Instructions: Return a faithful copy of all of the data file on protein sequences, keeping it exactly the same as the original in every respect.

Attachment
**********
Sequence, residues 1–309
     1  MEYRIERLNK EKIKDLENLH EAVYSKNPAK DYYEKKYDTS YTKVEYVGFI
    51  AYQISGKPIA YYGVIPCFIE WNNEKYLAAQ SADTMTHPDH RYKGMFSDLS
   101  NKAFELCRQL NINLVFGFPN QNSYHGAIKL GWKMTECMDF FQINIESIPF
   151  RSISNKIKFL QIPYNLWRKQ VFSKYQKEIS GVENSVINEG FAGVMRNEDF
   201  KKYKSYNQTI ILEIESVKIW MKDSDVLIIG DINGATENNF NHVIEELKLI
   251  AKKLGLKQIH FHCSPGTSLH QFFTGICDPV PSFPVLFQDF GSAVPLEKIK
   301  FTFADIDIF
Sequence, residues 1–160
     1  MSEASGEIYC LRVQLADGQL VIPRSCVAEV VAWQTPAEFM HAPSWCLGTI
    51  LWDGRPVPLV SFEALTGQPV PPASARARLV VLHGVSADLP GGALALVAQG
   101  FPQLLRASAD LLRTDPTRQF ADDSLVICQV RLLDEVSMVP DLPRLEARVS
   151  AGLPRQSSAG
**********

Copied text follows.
Sequence, residues 1–309
     1  MEYRIERLNK EKIKDLENLH EAVYSKNPAK DYYEKKYDTS YTKVEYVGFI
    51  AYQISGKPIA YYGVIPCFIE WNNEKYLAAQ SADTMTHPDH RYKGMFSDLS
   101  NKAFELCRQL NINLVFGFPN QNSYHGAIKL GWKMTECMDF FQINIESIPF
   151  RSISNKIKFL QIPYNLWRKQ VFSKYQKEIS GVENSVINEG FAGVMRNEDF
   201  KKYKSYNQTI ILEIESVKIW MKDSDVLIIG DINGATENNF NHVIEELKLI
   251  AKKLGLKQIH FHCSPGTSLH QFFTGICDPV PSFPVLFQDF GSAVPLEKIK
   301  FTFADIDIF
Sequence, residues 1–160
     1  MSEASGEIYC LRVQLADGQL VIPRSCVAEV VAWQTPAEFM HAPSWCLGTI
    51  LWDGRPVPLV SFEALTGQPV PPASARARLV VLHGVSADLP GGALALVAQG
   101  FPQLLRASAD LLRTDPTRQF ADDSLVICQV RLLDEVSMVP DLPRLEARVS
   151  AGLPRQSSAG